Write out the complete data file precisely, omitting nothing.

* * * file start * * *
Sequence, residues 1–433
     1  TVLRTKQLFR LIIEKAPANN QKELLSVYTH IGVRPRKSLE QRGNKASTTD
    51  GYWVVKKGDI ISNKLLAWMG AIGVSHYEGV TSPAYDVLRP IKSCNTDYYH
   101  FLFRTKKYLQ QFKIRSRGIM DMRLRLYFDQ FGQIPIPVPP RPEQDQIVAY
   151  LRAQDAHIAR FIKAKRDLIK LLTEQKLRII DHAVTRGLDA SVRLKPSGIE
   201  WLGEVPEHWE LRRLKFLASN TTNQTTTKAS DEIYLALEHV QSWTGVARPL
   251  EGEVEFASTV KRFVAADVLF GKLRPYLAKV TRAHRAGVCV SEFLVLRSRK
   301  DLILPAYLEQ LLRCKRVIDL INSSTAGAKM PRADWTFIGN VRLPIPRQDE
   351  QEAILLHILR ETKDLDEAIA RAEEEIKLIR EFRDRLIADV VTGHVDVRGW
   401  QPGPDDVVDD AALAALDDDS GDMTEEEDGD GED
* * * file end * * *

Sequence, residues 1–433
     1  TVLRTKQLFR LIIEKAPANN QKELLSVYTH IGVRPRKSLE QRGNKASTTD
    51  GYWVVKKGDI ISNKLLAWMG AIGVSHYEGV TSPAYDVLRP IKSCNTDYYH
   101  FLFRTKKYLQ QFKIRSRGIM DMRLRLYFDQ FGQIPIPVPP RPEQDQIVAY
   151  LRAQDAHIAR FIKAKRDLIK LLTEQKLRII DHAVTRGLDA SVRLKPSGIE
   201  WLGEVPEHWE LRRLKFLASN TTNQTTTKAS DEIYLALEHV QSWTGVARPL
   251  EGEVEFASTV KRFVAADVLF GKLRPYLAKV TRAHRAGVCV SEFLVLRSRK
   301  DLILPAYLEQ LLRCKRVIDL INSSTAGAKM PRADWTFIGN VRLPIPRQDE
   351  QEAILLHILR ETKDLDEAIA RAEEEIKLIR EFRDRLIADV VTGHVDVRGW
   401  QPGPDDVVDD AALAALDDDS GDMTEEEDGD GED